[This meditation is a companion to "Who Are Our Enemies?" posted February 27, 2018]
If we believe love is only a feeling, especially one that is warm or gooey and sticky, we won’t stand a chance of learning to love our enemies. We do not have to like them; we’re just asked to treat them lovingly, regardless our actual feelings. To do this, we must first choose to love our enemies and set our intention (maybe daily) to love them. As in anything, asking God’s help when we find we can’t do it ourselves is essential. While we must do our part in choosing and intending to love, we need divine help to become willing and ready to allow God to transform our hearts and minds, which may seem hard, unwilling or resistant to the process.
Awareness: We cannot change what we cannot or will not see. We start by allowing ourselves to notice where we are not loving. We admit it (at least to ourselves) if we treat someone meanly or unkindly. We notice where we treat someone with disdain or condescension or contempt. We admit we’re fighting with someone, if only in our minds—sometimes these folks are long dead and need to be blessed and released for everyone’s sake! We listen to ourselves and our tone of voice as well as hearing harsh or uncaring words belying hard feelings. We catch it when all we do is grumble about other drivers or how someone offended us. We cannot change what we are not aware of. Jesus praised those with eyes to see and ears to hear. Ask for these.
Choosing and intending love: We do not have to like someone to decide to treat them with kindness and respect and dignity. We do not have to like someone to wish well for them. Choosing to behave with generosity, humility, gratitude and compassion are all ways of offering love to another.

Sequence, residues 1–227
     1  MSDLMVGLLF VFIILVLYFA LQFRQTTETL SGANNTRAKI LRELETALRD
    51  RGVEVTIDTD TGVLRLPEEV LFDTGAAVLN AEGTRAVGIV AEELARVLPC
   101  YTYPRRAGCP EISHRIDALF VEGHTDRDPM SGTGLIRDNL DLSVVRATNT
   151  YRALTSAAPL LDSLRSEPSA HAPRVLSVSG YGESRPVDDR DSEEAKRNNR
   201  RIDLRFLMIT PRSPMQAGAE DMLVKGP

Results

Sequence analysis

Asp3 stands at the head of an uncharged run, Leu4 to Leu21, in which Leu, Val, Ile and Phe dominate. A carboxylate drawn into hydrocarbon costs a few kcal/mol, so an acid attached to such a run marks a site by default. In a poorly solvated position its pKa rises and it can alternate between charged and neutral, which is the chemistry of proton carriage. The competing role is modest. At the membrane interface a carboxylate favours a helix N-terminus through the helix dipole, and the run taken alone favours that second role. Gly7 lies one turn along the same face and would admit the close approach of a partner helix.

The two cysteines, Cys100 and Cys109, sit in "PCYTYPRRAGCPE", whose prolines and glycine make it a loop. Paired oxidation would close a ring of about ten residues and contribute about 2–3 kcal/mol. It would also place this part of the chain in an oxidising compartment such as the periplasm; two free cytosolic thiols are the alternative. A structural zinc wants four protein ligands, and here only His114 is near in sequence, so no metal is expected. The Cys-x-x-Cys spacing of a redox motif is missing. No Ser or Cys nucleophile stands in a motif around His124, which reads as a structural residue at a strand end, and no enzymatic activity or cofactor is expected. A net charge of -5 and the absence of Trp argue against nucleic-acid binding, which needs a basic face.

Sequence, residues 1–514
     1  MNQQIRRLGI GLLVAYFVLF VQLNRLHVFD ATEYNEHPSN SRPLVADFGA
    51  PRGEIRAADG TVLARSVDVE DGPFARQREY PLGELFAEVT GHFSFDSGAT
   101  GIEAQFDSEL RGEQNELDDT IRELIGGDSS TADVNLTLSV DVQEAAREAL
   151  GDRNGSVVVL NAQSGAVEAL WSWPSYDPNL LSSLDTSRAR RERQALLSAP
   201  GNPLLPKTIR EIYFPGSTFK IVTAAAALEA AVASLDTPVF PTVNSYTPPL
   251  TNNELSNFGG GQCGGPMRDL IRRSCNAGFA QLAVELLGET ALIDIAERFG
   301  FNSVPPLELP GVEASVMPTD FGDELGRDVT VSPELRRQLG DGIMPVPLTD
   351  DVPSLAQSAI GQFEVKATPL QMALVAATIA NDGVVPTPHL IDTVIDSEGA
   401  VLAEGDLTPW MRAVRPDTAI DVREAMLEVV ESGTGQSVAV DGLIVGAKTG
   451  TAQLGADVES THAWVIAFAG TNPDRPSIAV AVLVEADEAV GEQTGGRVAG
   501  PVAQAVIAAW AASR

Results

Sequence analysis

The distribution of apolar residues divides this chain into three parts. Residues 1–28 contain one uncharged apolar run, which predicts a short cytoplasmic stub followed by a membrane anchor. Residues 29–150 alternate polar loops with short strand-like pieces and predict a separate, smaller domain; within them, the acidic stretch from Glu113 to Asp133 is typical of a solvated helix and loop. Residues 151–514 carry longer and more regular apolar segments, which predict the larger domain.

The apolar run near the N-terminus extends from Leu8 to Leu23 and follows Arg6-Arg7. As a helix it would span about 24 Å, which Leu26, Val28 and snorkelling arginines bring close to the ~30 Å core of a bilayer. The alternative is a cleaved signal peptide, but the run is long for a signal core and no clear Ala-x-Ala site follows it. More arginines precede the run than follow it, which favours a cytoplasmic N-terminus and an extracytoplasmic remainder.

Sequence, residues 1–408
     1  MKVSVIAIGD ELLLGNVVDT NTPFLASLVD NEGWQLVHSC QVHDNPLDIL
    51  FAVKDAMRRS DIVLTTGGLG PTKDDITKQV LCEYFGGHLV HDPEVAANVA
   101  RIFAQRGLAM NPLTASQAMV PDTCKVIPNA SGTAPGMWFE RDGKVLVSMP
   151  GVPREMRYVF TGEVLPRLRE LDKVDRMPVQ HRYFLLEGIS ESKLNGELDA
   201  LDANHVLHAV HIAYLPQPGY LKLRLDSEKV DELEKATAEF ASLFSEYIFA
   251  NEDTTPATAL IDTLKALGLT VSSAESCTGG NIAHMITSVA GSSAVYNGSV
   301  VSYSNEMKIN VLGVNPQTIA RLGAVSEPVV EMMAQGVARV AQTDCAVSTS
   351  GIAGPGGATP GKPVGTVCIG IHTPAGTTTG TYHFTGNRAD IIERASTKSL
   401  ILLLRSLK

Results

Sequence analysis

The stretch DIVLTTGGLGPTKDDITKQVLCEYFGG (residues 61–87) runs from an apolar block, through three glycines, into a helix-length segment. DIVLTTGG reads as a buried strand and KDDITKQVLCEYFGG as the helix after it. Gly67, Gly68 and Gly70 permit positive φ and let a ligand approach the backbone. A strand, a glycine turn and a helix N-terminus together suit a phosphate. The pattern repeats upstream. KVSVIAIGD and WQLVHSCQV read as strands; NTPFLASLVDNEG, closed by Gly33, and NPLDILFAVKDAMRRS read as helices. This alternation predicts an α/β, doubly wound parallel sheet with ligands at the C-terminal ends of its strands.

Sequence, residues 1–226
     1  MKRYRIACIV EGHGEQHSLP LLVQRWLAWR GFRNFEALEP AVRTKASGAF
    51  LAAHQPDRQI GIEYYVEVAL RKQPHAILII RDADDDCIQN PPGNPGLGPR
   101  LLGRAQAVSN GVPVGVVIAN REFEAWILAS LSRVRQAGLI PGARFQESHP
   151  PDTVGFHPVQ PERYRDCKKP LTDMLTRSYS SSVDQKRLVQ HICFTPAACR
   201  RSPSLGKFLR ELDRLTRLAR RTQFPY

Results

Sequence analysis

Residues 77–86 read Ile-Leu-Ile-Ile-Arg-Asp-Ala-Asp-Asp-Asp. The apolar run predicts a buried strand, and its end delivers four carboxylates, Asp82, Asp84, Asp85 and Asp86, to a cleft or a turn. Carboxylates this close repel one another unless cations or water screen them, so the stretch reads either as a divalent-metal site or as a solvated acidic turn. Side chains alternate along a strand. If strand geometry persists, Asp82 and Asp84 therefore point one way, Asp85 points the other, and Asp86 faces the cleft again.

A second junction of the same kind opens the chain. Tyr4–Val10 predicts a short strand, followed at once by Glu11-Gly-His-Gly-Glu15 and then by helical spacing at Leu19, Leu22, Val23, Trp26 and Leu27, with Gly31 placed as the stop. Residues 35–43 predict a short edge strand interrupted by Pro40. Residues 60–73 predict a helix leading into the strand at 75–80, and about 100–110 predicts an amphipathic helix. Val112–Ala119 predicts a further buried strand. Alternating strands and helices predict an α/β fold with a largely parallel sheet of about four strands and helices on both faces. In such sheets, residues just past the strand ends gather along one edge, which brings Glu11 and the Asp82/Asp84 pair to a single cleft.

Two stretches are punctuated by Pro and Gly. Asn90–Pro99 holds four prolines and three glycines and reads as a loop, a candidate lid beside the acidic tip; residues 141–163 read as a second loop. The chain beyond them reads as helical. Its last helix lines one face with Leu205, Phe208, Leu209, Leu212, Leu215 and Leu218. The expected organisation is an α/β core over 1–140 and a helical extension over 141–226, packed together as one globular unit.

Seeing another’s pain: My spiritual director once told me (as we were talking about someone I struggled with regularly) to look at others, especially those who have hurt us, with the soft eyes of Jesus. Look beneath the hurtful behaviors to where the person hurts, perhaps to where the person is a scared little child. Pray into these places with compassion.
Seeing others whole: Imagining others (and ourselves) as whole and healthy can make a big difference in how we treat them. See others (and ourselves) as the creative, loving and gifted human beings we were all created to be. Seeing and naming as much good in another as we can will also help.
“I love you:” When I was on a committee where conflict was built into the structure and purpose, I prayed often to stand in faith and somehow be loving. In a meeting one day I suddenly heard myself start saying (in my mind and heart) “I love you. I love you. I love you.” Every time I was willing and able to do that, I felt myself relax and my face soften out of a defensive expression (glare? grimace? sneer?). I couldn’t see it, but I could surely feel it relax into something at least non-threatening and at best communicating care. Did it change anything but me? I know only that I was able to choose not to escalate the destruction when I could choose intentionally to hold love as the goal.
Blessing our bodies: When we hear ourselves grumbling about aches and pains and symptoms, when we hear ourselves cursing some body part because we don’t find it good enough for some reason, when we heap one more load of abuse on our poor bodies, stop and bless those parts. Lay hands on a particular place in the body and beam love at it or pray blessings and goodness upon it or see it whole and well and happy. Stop fighting with our bodies and breathe God’s love and grace and peace into them with every breath.
These are a few suggestions for ways we can love our enemies. This list is far from exclusive. I can tell you from experience that they all work better when I actually use them. Loving our enemies is a process of having our own hearts and minds transformed by the One who is Love. We progress in fits and starts—and we progress faster when we can love ourselves in the midst of our seeming failure to love.
I would love to hear other’s suggestions for ways to love our enemies. Why not send some of these to the community page? Or send a note to firstname.lastname@example.org and I’ll post suggestions here.